• Total likes: 0
    • View Profile
    • http://rockofeye.wordpress.com
Re: Hard Polytheists: How far does your hardness go?
« Reply #32 on: August 23, 2012, 02:53:36 pm »
Quote from: Carnelian;70364

To use deities I'm familiar with as an example, Hathor and Aphrodite can be considered the same, as they both represent the erotic, fertile, maternal power of divinity, associated with both fertility and death. However, they are different because they have different cultural symbolism applied to them based on the people who worshiped them. Aphrodite is associated with the sea and sky, while Hathor, while also a sky goddess, is not associated with the sea and is commonly represented as a cow, a symbol of her maternal nature. On a cultural level, they are different but similar goddesses, but in my opinion, they are different personifications for the same power on a deeper level. I think this goes for the gods with similar names like the OP brought up. They may be different on the level of worship in terms of symbols, myths and attributes, but are personifications of the same thing.

 
A friend came up with a way to describe how Deities interrelate--that They each belong in a 'house'--the pink house for love gods/goddesses, red house for the gods/goddesses who deal in the flesh and sex, black house for the death and/or underworld gods/goddesses, etc. They are separate entities who do similar things and, when you ring up for a death deity, you might get Hel or you might get Anubis, but you can know that They do similar Work and can maybe refer you if the wrong One happened to pick up the phone for you. Telling Aphrodite that She is the same as Hathor, which is NOT what I think you are saying, may result in a cosmic slap that one may not be prepared to take...but they belong to the same house, so They are likely at least familiar with each other.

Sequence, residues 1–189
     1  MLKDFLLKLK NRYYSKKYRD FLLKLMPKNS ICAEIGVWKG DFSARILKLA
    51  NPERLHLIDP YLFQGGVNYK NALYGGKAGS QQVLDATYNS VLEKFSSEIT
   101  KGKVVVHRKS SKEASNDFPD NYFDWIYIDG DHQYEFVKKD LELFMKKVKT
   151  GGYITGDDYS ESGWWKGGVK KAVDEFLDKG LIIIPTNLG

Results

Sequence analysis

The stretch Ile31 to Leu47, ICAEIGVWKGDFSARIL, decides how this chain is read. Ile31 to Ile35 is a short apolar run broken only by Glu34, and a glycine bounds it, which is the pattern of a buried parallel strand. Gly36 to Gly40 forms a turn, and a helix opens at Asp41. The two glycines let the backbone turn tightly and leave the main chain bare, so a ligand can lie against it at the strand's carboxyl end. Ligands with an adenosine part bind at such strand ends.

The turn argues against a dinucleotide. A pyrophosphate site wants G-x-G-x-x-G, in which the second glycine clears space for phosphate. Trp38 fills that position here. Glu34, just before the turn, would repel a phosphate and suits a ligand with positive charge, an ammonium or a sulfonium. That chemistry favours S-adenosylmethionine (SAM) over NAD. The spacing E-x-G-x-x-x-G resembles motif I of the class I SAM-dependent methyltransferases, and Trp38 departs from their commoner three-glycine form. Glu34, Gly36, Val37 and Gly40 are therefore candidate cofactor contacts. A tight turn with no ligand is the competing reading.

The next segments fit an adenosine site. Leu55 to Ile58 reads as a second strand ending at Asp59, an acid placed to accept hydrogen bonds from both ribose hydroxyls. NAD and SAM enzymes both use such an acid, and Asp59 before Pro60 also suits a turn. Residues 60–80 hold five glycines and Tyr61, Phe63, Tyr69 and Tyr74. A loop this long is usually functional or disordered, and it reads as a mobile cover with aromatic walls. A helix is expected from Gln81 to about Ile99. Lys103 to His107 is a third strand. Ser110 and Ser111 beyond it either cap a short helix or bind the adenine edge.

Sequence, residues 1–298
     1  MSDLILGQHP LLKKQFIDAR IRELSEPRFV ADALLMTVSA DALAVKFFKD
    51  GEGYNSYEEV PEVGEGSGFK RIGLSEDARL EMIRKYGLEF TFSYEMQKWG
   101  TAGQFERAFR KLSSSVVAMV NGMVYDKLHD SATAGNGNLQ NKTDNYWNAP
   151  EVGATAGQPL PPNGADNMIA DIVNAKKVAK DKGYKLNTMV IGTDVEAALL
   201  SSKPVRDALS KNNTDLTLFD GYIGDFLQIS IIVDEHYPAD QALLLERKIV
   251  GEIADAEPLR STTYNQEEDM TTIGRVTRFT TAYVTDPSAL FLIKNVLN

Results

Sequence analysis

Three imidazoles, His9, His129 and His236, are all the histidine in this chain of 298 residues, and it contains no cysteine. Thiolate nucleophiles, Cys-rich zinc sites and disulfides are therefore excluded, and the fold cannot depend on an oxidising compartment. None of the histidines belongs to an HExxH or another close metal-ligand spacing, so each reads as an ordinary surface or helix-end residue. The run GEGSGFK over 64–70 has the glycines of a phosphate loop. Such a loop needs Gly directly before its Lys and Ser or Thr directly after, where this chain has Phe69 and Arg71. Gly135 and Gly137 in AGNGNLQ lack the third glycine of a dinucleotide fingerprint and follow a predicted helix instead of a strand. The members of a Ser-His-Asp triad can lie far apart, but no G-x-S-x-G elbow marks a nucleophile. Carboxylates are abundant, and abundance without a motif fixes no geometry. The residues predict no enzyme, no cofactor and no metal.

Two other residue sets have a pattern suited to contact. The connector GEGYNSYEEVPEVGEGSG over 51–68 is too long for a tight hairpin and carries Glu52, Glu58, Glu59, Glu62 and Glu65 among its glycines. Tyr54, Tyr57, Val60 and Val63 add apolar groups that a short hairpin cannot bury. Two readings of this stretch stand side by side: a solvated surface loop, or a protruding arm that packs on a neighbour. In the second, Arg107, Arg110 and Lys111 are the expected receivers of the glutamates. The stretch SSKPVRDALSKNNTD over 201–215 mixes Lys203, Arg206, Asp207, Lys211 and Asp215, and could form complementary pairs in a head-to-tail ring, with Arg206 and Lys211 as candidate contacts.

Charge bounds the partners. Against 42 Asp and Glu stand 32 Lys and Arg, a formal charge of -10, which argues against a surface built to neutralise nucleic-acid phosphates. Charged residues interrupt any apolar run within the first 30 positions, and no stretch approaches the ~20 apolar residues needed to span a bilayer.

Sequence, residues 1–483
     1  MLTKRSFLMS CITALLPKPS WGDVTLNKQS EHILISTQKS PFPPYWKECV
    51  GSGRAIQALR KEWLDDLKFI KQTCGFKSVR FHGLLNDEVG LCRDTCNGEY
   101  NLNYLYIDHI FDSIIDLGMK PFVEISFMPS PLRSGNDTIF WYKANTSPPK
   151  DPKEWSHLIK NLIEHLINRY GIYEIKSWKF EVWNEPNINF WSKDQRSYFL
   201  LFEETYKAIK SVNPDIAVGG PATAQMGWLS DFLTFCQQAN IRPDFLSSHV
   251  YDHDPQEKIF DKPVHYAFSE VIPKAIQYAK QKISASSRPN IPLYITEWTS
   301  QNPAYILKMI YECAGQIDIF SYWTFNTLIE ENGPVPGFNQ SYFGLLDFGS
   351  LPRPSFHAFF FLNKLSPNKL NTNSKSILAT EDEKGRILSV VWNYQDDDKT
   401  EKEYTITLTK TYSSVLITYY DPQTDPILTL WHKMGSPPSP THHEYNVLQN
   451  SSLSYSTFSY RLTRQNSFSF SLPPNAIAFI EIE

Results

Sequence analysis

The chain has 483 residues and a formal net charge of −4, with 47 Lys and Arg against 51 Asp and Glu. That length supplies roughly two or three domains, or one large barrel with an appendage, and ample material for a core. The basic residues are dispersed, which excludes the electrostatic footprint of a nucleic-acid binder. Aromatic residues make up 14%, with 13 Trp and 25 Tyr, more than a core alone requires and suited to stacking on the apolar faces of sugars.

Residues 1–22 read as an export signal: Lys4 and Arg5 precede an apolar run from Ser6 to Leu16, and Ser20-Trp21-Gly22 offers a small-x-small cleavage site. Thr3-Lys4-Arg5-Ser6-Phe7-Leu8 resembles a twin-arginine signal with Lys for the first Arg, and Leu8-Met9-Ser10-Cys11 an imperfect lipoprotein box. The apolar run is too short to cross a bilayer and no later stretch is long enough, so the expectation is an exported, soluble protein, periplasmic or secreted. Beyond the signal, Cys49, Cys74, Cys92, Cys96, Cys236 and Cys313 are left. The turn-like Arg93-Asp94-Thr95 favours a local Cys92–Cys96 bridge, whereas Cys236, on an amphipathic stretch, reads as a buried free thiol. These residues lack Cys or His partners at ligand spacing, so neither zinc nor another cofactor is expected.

NibbleKat

  • Master Member
  • ******
  • Join Date: Jul 2011
  • Posts: 401
  • Total likes: 0
    • View Profile
    • http://nibblekat.deviantart.com
Re: Hard Polytheists: How far does your hardness go?
« Reply #33 on: August 23, 2012, 03:51:28 pm »
Quote from: Alex;70379